Correct Your Poor Posture
Correct your poor posture
It is important that correct your poor posture to determine where improvement is needed. For example, when sitting in your office chair, playing video games, watching television, playing on your mobile..etc.
Here are some guidelines of how to achieve good posture and ergonomics in the workplace and other situations.
Sitting Posture for Office Chairs
- Be sure the back is aligned against the back of the office chair. Avoid slouching or leaning forward, especially when tired from sitting in the office chair for long periods
- For long term sitting, such as in an office chair, be sure the chair is ergonomically designed to properly support the back and that it is a custom fit
- When sitting on an office chair at a desk, arms should be flexed at a 75 to 90 degree angle at the elbows. If this is not the case, the office chair should be adjusted accordingly
- Knees should be even with the hips, or slightly higher when sitting in the office chair
- Keep both feet flat on the floor. If there's a problem with feet reaching the floor comfortably, a footrest can be used along with the office chair
- Sit in the office chair with shoulders straight
- Don't sit in one place for too long, even in ergonomic office chairs that have good back support. Get up and walk around and stretch as needed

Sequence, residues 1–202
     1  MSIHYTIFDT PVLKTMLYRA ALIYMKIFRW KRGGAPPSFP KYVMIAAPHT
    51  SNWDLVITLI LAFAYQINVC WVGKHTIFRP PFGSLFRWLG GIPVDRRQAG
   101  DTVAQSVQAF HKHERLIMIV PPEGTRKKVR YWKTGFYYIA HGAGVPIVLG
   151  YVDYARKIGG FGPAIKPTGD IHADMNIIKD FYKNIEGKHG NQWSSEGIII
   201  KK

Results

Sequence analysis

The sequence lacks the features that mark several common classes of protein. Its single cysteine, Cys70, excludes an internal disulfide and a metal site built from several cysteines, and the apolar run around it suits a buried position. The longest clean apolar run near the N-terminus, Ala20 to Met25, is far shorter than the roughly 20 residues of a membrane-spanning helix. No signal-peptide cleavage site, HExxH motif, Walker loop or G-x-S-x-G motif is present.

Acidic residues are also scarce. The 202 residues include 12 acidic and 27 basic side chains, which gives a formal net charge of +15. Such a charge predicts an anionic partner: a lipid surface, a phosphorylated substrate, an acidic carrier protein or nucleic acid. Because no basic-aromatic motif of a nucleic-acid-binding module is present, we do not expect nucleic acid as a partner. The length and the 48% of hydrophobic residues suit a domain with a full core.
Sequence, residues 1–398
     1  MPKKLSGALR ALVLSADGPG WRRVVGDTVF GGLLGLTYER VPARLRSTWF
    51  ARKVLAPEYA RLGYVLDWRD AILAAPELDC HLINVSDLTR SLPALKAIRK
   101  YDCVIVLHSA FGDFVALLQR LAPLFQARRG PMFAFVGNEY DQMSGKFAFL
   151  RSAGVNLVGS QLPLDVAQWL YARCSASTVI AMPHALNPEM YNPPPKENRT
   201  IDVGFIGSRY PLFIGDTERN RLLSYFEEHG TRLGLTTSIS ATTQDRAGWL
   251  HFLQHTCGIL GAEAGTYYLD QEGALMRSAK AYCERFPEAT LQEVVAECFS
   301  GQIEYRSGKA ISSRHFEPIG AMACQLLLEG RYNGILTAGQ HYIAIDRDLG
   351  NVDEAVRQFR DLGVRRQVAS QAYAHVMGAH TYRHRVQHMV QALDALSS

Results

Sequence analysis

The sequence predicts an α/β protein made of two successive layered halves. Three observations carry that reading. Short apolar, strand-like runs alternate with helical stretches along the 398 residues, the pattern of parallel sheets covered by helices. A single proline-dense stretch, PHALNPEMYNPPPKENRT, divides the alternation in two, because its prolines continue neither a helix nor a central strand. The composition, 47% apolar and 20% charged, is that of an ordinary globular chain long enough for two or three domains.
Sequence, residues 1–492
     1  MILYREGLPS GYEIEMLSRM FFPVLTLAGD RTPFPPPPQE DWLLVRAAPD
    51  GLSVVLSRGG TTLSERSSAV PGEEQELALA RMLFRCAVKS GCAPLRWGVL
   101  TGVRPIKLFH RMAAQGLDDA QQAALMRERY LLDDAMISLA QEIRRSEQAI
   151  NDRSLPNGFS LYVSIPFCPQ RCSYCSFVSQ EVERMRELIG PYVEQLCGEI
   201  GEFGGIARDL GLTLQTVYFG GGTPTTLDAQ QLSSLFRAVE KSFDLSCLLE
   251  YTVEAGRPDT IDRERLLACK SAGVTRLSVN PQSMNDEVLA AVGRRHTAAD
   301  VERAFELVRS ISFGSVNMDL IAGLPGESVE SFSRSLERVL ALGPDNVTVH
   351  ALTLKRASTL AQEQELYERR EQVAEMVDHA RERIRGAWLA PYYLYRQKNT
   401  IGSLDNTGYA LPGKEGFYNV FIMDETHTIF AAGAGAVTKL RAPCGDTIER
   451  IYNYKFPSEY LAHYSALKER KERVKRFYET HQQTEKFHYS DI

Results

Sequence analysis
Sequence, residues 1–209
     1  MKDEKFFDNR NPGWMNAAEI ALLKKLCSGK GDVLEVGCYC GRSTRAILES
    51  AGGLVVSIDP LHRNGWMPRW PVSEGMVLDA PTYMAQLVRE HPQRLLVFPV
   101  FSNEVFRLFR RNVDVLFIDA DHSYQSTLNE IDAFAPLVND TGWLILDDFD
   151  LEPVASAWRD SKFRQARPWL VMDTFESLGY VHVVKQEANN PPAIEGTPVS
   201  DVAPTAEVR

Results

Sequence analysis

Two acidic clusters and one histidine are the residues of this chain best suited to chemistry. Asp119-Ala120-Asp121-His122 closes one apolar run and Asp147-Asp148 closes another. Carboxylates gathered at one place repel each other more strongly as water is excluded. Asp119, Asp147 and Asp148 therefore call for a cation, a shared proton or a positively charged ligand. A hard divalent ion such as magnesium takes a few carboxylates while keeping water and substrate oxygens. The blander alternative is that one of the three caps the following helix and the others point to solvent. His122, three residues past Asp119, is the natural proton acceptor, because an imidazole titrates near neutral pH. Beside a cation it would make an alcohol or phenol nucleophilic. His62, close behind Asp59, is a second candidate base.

- Stand with weight mostly on the balls of the feet, not with weight on the heels
- Keep feet slightly apart, about shoulder-width
- Let arms hang naturally down the sides of the body
- Avoid locking the knees
- Tuck the chin in a little to keep the head level
- Be sure the head is square on top of the spine, not pushed out forward
- Stand straight and tall, with shoulders upright
- If standing for a long period of time, shift weight from one foot to the other, or rock from heels to toes.
- Stand against a wall with shoulders and bottom touching wall. In this position, the back of the head should also touch the wall - if it does not, the head is carried to far forward (anterior head carriage).
- Keep the head up and eyes looking straight ahead
- Avoid pushing the head forward
- Keep shoulders properly aligned with the rest of the body
- Sit with the back firmly against the seat for proper back support
- The seat should be a proper distance from the pedals and steering wheel to avoid leaning forward or reaching
- The headrest should support the middle of the head to keep it upright. Tilt the headrest forward if possible to make sure that the head-to-headrest distance is not more than four inches.
Quote by: By John Schubbe, DC in Spine-health
It is important to note that an overall cause of bad posture is tense muscles, which will pull the body out of alignment.
Why not try our body posture corrector?